Thomas E. Grogan, Private, US Army, 162nd New York Volunteer Infantry, 3rd Regiment, Company E

by | Feb 19, 2016 | Alamance, Confederate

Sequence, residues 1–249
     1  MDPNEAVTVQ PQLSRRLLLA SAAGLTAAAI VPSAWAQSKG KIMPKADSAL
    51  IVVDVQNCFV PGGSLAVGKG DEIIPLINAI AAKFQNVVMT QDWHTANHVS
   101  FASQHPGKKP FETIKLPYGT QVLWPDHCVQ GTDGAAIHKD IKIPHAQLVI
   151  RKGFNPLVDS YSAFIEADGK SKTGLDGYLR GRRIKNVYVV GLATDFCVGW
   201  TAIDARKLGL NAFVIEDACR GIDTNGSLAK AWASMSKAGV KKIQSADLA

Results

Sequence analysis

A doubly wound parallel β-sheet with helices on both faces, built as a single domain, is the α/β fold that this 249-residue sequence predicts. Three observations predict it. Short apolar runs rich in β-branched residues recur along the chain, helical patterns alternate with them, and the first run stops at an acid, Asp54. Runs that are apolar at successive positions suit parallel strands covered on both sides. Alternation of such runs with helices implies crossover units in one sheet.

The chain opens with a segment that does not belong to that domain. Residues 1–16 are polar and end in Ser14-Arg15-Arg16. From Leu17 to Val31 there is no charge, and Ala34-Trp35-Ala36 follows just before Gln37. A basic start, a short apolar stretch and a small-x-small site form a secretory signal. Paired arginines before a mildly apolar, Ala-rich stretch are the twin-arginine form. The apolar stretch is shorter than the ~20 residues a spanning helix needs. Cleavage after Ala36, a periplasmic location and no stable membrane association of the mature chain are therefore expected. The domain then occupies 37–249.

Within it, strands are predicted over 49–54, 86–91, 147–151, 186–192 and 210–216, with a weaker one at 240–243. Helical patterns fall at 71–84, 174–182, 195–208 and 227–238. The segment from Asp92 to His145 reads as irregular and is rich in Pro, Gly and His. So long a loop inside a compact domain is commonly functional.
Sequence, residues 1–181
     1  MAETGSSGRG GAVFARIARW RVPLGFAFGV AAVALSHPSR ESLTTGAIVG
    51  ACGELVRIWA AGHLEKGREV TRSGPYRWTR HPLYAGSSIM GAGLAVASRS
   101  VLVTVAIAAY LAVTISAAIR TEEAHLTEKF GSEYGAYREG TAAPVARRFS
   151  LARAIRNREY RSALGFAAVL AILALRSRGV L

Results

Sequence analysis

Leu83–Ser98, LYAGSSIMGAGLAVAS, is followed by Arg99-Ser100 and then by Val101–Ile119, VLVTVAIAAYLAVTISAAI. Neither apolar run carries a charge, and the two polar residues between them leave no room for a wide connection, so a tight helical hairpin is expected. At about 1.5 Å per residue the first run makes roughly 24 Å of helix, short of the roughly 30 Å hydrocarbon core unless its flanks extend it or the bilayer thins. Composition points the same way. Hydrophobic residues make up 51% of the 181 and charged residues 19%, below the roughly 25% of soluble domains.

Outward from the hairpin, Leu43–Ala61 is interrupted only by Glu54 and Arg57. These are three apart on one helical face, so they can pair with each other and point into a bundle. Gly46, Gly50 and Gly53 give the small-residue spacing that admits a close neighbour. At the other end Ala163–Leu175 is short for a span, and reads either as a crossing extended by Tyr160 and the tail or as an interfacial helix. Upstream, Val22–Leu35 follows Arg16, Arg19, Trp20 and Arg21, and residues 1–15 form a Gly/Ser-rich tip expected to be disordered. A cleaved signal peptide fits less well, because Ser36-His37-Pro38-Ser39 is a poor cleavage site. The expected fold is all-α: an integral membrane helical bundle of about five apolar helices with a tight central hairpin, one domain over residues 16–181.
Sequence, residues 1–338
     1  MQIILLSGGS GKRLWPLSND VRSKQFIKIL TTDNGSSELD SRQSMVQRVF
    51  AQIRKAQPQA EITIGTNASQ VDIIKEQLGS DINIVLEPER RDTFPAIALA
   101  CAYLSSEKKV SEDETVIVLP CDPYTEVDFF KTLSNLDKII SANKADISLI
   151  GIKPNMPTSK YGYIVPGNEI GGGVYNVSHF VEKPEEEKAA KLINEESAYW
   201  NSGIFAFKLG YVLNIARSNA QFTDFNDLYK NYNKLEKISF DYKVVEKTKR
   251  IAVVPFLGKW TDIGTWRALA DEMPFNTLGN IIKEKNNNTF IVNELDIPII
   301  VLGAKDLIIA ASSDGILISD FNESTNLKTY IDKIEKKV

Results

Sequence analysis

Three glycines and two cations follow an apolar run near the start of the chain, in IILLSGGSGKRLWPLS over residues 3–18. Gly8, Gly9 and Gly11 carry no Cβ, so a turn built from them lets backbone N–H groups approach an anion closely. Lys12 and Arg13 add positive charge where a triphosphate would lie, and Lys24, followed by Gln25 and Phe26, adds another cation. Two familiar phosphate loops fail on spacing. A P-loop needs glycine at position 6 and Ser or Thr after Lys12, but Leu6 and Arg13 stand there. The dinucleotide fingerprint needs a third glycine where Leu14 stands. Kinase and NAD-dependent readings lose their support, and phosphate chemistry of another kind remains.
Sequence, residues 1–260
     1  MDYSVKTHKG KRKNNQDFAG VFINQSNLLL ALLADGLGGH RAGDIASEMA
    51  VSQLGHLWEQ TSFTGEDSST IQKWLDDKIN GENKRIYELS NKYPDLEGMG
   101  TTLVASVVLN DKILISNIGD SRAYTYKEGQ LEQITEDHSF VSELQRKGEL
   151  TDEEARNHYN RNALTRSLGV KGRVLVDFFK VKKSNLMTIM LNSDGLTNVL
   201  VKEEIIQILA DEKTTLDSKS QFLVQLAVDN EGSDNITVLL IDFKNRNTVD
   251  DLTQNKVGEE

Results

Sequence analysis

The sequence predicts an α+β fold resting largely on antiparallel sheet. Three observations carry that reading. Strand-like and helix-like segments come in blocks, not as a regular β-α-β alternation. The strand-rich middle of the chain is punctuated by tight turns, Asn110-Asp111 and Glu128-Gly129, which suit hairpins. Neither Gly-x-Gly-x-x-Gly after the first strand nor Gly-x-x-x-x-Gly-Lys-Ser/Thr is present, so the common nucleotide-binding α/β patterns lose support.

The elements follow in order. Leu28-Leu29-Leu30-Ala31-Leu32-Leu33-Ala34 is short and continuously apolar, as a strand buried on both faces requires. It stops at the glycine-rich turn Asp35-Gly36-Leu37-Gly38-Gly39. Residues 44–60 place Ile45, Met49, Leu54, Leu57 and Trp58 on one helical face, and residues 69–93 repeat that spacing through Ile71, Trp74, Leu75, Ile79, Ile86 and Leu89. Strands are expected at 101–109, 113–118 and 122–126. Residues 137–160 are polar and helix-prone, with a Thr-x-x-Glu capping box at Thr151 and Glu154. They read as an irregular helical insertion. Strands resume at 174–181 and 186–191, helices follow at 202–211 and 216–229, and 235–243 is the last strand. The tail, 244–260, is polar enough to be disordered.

His name was Thomas E. Grogan. At 32 years of age, on the 11th of June 1862, he enlisted in the 162nd NY Volunteer Infantry, 3rd Regiment, Metropolitan Guard, Company E. He was mustered in as a private. He was my great-grandfather, and I have the journal of his war experiences which he kept throughout his enlistment. His journal is old, difficult to read, some pages in bits and pieces and grammatically incorrect in parts. Even so, I feel very fortunate to have part of his story. Throughout my reading, I have grown close to this very honorable man who I am proud to call “family.” His first entry in his journal states that he remembers well the night he left. “It was wet on a stormy night that I left my wife and 4 small children, bidding them good-bye, the eldest being 7 years.” He was stationed at Rikers Island (now a NYC prison) for 2 months. On the 15th of August in that year, they traveled by rail to Philadelphia, then Baltimore, and then on to Alexandria, LA where they stayed for 2 weeks. They were kept on board a transport for several weeks at Fort Monroe. His journal states that they “had to lie like spoons we were so short of room waiting to start with General Banks expedition for New Orleans.” They finally arrived at Camp Parapet in New Orleans in November. They spent New Year’s Day 1863 at Plaquemine Bayou. Torn journal pages prevent us from knowing what battles in which Thomas’s regiment was involved at that time, but they had left New Orleans, and when they arrived back, the rest of the regiment was glad to see them, for they were told that they were all killed. Thomas then remained in New Orleans until February 1863 when they were ordered to Baton Rouge to meet up with Gen. Nathaniel P. Banks. Thomas speaks of Gen. Banks as a good man but “not a very good general.” On the 10th of March 1863 they got orders to go to Port Hudson. There they were kept all that night under arms and the next day they marched 25 miles on “very bad” roads. “Some parts of the road we would be to our knees in mud and dirt. Other parts would burn our feet or warm our coffee, but we had none.” It was on the 14th of March when Thomas witnessed the ammunition ship, USS Mississippi, going aground and being blown up by her own crew to save her from being taken by the rebels. Thomas’ regiment left New Orleans on April 7 to Algiers and then on to Berwick City. They faced a few encounters from the rebels and they remained there until there was an order for volunteers to go to Port Hudson. They were commanded by Major Bogart of New York. Thomas writes that he was “enjoying a good supper of hot soup when a dispatch came to us that 5,000 rebels was coming down on us.” They had to leave all their clothes and 25,000 rounds of ammunition. With the “Rebels in hot pursuit after us,” they traveled 3 miles to get on board a gunboat. “We had but 3 companies of our regiment against 3,000 to which we learned on the next morning that we took prisoners.” Thomas was wounded on the 19th of May, 1863 – a flesh wound, he called it. “But the ball was in my face 5 days while I was coming from B [sic] to New Orleans, when I got better and wanted to go back for there was some of my regiments going back after them. But the doctor said I could not stand the climate and that he would send me home.” It was in August 1863 that Thomas Grogan received his first discharge. Thomas’ journal continues on his way home when he meets up with a wounded soldier who “had no one to help him, he could not lift himself or turn on the bench but with the help of a kind hand. I thought it my duty to attend on him to which I did till I left the Soldiers Home where the poor fellow died.” In March 1864, Thomas Grogan re-enlisted for a 2nd tour of duty. Thomas’ next entry into his journal was from Ft. Clifton, VA, a Confederate stronghold guarding Petersburg against Union attack. Federal gunboats attacked the fort, and during the engagement Ft. Clifton Artillery disabled the army gunboat Samuel L. Brewster with a shot to her boiler. On May 9, 1864, Thomas writes, “that made her boiler explode and scaled several of her crew. The poor fellows could no nothing but jump overboard where there was rebels sharp shooters to pick them down. This was all in our view but could do nothing for them. We fought them all day but could do nothing, for they had the best of us.” From Ft. Clifton, they sailed up the James River and arrived at City Point, VA on August 5. They were on their way to Petersburg until “General Butler came alongside of us with orders not to go any further than the Point of Rocks till further orders to which we obeyed.” Thomas writes that they were unwilling to obey but did so anyway. On December 10, 1864, he was aboard a transport heading for Ft. Fisher, NC. “We were taken from our own boats and put aboard of the Empire City to load 1600 colored men.” He reports that the transport was not very large and it had 12 horses aboard. On Christmas Day 1864 as Thomas watches a fleet of ships he writes, “have to brag of our fleet for there never was, never a finer fleet. Together it did us good to see our noble flag float over our noble ships with our brave men to protect them. It was a noble sight for us.” He continues his notes, “on board of our boat we had tobacco we had to smoke, we had to eat our pork raw, we could not cook our coffee. But most times there was but one galley for 1700 men so that was too small a pot for so large a family.” Thomas’ final entry was in January 1865, from “Butler’s Gap” (Dutch Gap, VA) when he briefly writes of a 5-hour engagement with the Rebels. There is no information regarding Thomas’ last discharge date, but he eventually did go home to Brooklyn, NY. He and Mary had their fifth child, Joseph, in 1870 and he finally received his Civil War pension on July 18, 1892. Thomas died sometime between 1892 and 1900. I for one am very happy that his proud, principled and patriotic man lived through the devastation and horror of the Civil War, as Joseph – their fifth and last child – was my grandfather. (Bobbi Sullivan is a member of the Brunswick Civil War Round Table.)